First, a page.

92 A New lease on leather
It is said that not every man in a suit and tie is a gentleman, and that not every gentleman wears a suit and tie. This statement rings true in a world where formal dress has become the exception to the norm and is seen only under exceptional circumstances. we are in an era where more and more men are embracing a casual sophistication, a personal expression of style, instead of sticking to the more traditional and established codes of dress.
This evolution of men’s style is seen most often in the way clothing is designed and made, with an item like the suit, once the true sign of a gentleman, having evolved from an understated show of taste into a key fashion statement. while there is still exceptional demand in certain circles for a work of art from a master tailor (think of the likes Zegna and the other high-end brands in the hallowed corners of london’s Savile Row), most retailers these days offer suits in different and daring cuts using nontraditional fabrics and trimmings.
The same can be said of men’s accessories. In recent years, there has been a boom in the sheer range of accessories a man should have in his fashion arsenal for those occasions where dressing up is required. Bright and bold socks serve to show a playfulness of character, with brightly coloured suspenders thrown in for an added visual “pop”. lapel pins in all shapes, sizes, and colours are nonnegotiable in any sartorially savvy man’s armour, while pocket squares have become an art form in itself.
However, it is the humble tie that has seen the greatest revolution of all. In fact, it’s only once studying the history of the necktie that the changes to its nature, design, and usage become glaringly obvious. Unknown to most, the tie is not a new invention at all and has been noted since as early as 221 BC, when China’s first emperor, Shih Huang Ti, and his terracotta army were buried in an underground tomb in Xi’an: each one of the life-sized militia member replicas wore a necktie.
It took quite a long time though – until 1840, to be exact – before the word “tie” became the commonly used moniker (replacing “cravat”), and another 24 years before the first mass-produced, readyto-wear tie was patented and achieved popularity in Germany and the United states. Designer ties only saw the light of day in the 1920s, and the windsor knot was not invented until 1936. Befitting its era, one of the quirkier – and surprisingly popular – styles saw its birth in the early 1980s: skinny leather ties, typically worn against paisley or pinstriped shirts.
some 30 years later, two gentlemen – Dévan swanepoel and Patrick Musil – met while working at a design studio in Cape Town. They discovered several mutual likes, and shared a deep love and appreciation for south African arts and crafts. Being design-focused, and inspired by the drive and culture of the country, it didn’t take long before they set out to establish their own lifestyle brand using leather as their medium. The product? skinny leather ties, complemented by leather bow ties and leather pocket squares.
Quite aptly, the duo named their company WEEF. “The name comes from the Afrikaans word weef, which means to weave different elements together,” explains swanepoel. “In WEEF’S case, it’s weaving cultures and people together. And not forgetting that leather also weaves really well with almost all other materials.”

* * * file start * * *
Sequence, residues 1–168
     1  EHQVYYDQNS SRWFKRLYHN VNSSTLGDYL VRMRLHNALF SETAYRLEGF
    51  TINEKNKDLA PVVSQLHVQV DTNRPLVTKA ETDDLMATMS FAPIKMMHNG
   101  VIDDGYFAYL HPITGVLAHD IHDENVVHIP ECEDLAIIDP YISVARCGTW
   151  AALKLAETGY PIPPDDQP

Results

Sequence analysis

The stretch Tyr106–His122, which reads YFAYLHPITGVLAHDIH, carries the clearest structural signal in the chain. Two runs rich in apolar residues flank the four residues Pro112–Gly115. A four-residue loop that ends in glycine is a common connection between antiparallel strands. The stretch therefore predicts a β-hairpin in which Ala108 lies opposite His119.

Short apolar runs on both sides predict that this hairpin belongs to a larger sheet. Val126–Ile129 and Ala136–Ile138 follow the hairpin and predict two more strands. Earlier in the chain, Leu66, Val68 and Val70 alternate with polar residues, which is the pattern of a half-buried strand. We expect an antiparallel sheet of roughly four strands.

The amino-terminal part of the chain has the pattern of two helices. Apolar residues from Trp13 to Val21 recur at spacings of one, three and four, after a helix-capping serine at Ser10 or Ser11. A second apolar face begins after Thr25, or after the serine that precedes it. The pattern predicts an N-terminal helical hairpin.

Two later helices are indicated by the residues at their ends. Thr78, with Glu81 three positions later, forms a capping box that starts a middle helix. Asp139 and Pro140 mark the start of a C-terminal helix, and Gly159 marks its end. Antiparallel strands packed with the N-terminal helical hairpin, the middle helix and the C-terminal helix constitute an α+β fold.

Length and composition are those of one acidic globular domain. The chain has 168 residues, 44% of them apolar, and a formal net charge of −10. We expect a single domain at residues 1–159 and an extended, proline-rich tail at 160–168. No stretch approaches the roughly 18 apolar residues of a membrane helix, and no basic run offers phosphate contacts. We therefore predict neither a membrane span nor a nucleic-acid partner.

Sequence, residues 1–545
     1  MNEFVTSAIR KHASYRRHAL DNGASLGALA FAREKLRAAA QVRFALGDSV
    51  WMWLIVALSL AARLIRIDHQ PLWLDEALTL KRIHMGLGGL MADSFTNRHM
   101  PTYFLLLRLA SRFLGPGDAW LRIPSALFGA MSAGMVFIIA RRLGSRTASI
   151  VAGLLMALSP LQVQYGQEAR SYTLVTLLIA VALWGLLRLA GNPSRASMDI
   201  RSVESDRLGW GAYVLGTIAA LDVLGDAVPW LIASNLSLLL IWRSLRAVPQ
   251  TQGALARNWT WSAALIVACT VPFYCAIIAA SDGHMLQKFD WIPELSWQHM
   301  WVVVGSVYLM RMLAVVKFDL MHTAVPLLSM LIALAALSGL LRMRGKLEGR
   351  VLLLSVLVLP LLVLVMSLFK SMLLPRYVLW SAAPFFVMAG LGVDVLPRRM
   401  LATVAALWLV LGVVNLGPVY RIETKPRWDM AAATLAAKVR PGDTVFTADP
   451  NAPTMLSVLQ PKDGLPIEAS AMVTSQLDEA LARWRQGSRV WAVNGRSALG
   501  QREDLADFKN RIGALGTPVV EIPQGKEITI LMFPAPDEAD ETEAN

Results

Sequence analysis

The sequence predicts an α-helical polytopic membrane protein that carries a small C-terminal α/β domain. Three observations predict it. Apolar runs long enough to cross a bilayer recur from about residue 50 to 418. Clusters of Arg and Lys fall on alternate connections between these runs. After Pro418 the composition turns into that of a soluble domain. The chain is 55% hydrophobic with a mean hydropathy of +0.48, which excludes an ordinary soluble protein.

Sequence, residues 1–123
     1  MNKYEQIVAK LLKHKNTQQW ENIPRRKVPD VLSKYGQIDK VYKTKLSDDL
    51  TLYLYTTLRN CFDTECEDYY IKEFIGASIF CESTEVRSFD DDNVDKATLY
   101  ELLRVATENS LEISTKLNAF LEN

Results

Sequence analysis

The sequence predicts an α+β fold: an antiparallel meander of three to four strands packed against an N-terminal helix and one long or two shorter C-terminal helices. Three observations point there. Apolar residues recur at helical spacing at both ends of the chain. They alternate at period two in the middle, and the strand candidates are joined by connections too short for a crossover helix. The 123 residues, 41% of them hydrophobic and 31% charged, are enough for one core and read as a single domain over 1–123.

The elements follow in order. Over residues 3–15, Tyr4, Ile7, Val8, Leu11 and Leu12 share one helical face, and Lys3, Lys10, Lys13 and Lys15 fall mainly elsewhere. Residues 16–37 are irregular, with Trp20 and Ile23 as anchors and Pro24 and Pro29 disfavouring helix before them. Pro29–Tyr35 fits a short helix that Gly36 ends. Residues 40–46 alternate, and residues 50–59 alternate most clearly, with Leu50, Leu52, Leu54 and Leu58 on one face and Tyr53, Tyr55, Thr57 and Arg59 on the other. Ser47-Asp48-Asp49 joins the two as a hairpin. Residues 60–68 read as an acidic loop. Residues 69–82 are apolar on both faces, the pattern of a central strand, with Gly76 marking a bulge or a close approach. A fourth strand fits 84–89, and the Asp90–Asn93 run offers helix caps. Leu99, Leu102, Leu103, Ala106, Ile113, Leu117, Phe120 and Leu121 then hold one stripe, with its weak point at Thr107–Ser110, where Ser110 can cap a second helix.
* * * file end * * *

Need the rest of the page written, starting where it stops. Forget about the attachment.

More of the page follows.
In the early days, multiple production companies were approached to create their first designs, with varying degrees of success. However, as passionate creatives, and after much work and deliberation, they decided to invest in their own equipment and team, in the process acquiring the creative freedom to turn their wildest ideas into actual products while providing meaningful work and income for local makers and suppliers.
“leather has a timeless appeal even in its most basic form; it’s a very unique material,” swanepoel says. “Its versatility, uniqueness, and sustainability makes it the perfect material for crafting the finest products. It only gets better with age, creating a product that will last for years to come. Each tie is traced, cut, skived, sewn, turned, branded, ironed, and packed in-house and by hand.”
Today, WEEF is considered a high-end international brand, with an office in Austria and shipping throughout south Africa, Europe, the United Kingdom, and the United states. This premium nature is not only seen in the craftsmanship of the product, but also in the overall attention to detail: each item ordered from WEEF is presented in premium, sustainable, and recyclable packaging that makes for the perfect gift, and is strong enough to withstand all shipping elements. Apart from the actual product, customers also receive a hangtag with a unique production number and the craftsman’s signature, a cotton travel bag, as well as a product information card.
Born out of love, passion, and attention to detail, the WEEF team’s approach to their product is meticulous and inspiring, and proof that being a gentleman never goes out of style.
For more info, visit www.weefwear.com and follow WEEF on Facebook, Instagram, and Twitter at @weefwear.
Dévan swanepoel (left) Patrick Musil (Right)